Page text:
Rebrands are expensive and resource-intensive, no two ways about it. It’s important to not only look at the direct costs associated with creating your new brand, but also the team hours required to implement these changes. There’s research and development, design, acquiring new creative assets, replacing the old assets, the list goes on. The only thing worse than no rebrand when you need it, is a rebrand that’s abandoned halfway through. Make sure your team can reach the finish line!
Your Company Already Has a Strong Digital Presence.
Although having a strong digital presence isn’t a deal breaker when it comes to considering a rebrand, it’s something you have to keep in mind. Tinkering with your name, colors, voice, style, or logo can hinder your SEO or confuse your site visitors, reducing your clickthrough rate. Again, a gradual approach may be best when looking at a company with a substantial digital footprint to preserve the gains you’ve already achieved.
You Don’t Have the Backing of Your Team.
Your brand is a direct extension of your company culture, and your team is your brand champions. They are on the frontlines representing the brand, so it’s crucial that they’re supportive of the change. If they aren’t, then they may lose their fire and passion that has fueled your success in the past.
Rebrand Studs and Duds: Two Examples
Rebrands are hard to get right, regardless of how big the brand is. Companies of every size will encounter unique challenges during the rebranding process, and it’s important to learn from past successes and failures to prepare for what’s to come. Read two examples of rebrands by big players in the game who are both, coincidentally, drink brands. Although they had similar ideas, the results were quite different.
Rebrand Stud: The Star of the Show
When the Starbucks team sat down to think about their upcoming rebrand in 2010/2011, they came to the realization that their brand assets were recognizable—very recognizable. They were so recognizable, in fact, that you could hand someone on the street a white to-go coffee cup with a green circle on it and they’d tell you “thanks for the Starbucks!”. Their brand was doing the heavy lifting for them. However, this had the potential to backfire, as any change deemed unnecessary or the step in the wrong direction would receive vicious backlash.
So, Starbucks took the less-is-more approach and refined their assets while still staying true to the original flair. They kept their “Starbucks Green” color, used the same typography, and stayed consistent with their voice. However, the key difference was detaching their wordmark from their logo. The old logo was cluttered and restrictive, especially when applied to promotional materials. The result was a simple, clean, and flexible mermaid logo that could be repurposed in countless ways. Now, coffee mugs, billboards, gas station monitors, phone advertisements, you name it, could all house the new Starbucks logo without distortion or loss of interpretation.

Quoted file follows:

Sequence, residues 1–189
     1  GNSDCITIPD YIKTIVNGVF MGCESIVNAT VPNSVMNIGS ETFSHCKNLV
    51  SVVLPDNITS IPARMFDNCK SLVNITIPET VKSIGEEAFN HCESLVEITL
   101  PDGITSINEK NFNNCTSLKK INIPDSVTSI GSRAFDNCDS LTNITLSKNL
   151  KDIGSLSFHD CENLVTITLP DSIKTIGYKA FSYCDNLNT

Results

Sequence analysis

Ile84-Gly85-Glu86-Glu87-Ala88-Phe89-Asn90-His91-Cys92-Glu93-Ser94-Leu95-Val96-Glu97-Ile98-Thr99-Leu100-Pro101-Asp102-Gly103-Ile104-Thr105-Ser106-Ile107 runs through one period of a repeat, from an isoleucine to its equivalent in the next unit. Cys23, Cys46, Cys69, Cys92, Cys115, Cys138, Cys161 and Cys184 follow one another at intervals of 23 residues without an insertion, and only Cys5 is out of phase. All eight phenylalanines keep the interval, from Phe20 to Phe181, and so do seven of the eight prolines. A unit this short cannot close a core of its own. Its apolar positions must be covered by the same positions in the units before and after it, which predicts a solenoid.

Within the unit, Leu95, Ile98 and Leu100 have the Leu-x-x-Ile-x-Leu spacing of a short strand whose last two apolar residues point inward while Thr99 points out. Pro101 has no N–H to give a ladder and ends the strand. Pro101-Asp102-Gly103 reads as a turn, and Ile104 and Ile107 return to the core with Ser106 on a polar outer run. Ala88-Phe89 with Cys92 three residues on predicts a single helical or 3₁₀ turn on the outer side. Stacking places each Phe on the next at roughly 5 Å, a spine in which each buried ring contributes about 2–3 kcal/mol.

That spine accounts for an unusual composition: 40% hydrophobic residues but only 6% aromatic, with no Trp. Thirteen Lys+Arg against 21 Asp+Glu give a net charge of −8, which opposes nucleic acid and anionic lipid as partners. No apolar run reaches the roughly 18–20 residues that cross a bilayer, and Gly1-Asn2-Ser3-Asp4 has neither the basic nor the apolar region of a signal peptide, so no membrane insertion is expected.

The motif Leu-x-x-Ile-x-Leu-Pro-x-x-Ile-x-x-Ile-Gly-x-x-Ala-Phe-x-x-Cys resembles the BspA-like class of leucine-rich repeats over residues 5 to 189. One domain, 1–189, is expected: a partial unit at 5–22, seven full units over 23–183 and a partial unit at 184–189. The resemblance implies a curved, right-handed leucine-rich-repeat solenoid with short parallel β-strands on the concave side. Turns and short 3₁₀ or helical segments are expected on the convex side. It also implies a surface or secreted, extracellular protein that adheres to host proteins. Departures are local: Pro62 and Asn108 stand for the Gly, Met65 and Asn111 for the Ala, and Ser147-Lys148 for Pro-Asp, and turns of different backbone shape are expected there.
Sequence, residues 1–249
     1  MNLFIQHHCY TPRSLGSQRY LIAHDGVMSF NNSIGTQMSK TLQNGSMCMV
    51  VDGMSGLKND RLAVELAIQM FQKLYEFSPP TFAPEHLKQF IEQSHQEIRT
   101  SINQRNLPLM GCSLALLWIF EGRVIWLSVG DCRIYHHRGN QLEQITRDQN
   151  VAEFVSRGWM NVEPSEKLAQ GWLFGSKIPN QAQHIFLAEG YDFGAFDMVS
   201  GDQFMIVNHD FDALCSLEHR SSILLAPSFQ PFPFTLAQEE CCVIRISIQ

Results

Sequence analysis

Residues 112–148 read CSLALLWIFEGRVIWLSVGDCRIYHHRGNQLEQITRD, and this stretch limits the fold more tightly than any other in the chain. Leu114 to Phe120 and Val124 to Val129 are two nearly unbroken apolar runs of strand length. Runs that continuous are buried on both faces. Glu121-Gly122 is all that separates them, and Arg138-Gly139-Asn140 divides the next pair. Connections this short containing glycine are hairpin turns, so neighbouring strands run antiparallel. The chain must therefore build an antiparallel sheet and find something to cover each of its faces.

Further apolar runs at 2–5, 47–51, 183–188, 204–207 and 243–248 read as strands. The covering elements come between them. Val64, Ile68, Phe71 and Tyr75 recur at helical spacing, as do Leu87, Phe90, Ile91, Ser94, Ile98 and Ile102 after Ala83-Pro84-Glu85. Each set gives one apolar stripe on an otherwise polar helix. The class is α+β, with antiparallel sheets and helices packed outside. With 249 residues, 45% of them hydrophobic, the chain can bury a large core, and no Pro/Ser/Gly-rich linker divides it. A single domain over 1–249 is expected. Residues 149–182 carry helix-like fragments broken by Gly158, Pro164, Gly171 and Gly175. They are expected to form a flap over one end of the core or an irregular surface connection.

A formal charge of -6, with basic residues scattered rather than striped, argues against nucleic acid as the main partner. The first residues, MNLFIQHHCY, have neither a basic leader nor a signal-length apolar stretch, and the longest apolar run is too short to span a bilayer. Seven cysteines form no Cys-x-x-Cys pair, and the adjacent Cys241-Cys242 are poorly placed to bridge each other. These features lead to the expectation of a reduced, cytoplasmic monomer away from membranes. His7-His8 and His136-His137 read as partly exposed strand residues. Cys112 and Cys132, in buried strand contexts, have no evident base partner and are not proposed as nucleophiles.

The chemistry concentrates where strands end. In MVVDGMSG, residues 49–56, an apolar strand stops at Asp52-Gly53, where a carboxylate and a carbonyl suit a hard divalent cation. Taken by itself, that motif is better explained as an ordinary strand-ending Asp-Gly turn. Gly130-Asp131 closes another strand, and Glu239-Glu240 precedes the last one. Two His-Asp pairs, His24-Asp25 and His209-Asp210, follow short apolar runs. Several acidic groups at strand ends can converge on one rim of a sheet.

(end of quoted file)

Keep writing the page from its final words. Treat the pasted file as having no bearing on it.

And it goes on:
The result? Starbucks left the rebranding process with refined and intentional assets, a solidified brand voice, and an affirmed direction on which to build the brand. They set themselves up for years of success, and we still see the results today in their promotional materials and communications.
Rebrand Dud: Tropicana’s Pulped Rebrand
Tropicana’s classic orange juice carton is iconic; or at least that’s what consumers said after Tropicana unveiled its new carton design in 2009. The goal was to modernize the orange juice brand with updated packaging, and, admittedly, they did some things right. Take the cap, for instance. Instead of the old, traditional carton cap, Tropicana replaced it with an ergonomic orange. They also updated their colors to make them more vibrant and eye-catching.
However, Tropicana is an unfortunate example of what happens when companies overthink their rebrands, focus too much on pretty design, and not enough on functionality. Customers complained that they couldn’t easily identify if the juice was pulp-free or not. Also, the cartons tended to be lost on the shelves, as they blended in particularly well with the crowd, and half of the design elements didn’t shine unless looking at the carton from a 45 degree angle. Unfortunately, you only get one side of the carton to work with when competing on supermarket shelves.
Tropicana spent $35 million on the rebrand and lost 20% of their revenue in a month. Shortly thereafter, they scrapped the idea and went back to their traditional packaging, as it was simply too hard to stand out. Tropicana pulped their rebrand because they lost sight of their brand’s utility while getting caught up in a pretty design. The result? Zero brand recognition, and reverted packaging a month later.
Rebranding: Is It Worth It?
Only your internal team can determine if rebranding is the best course of action for your brand. But, if you think your brand needs a refresh, you don’t have to swing for the hills. Slight tweaking or gradual changes can be a happy medium between ignoring your brand and creating a new brand entirely. It’s hard navigating the weeds of branding, and sometimes, outside advice and guidance can be the difference between a Starbucks and Tropicana. The branding experts at Evolve Systems have worked with companies of all sizes on a wide variety of rebranding projects. If you’d like an expert to work through the process with you, contact our team today!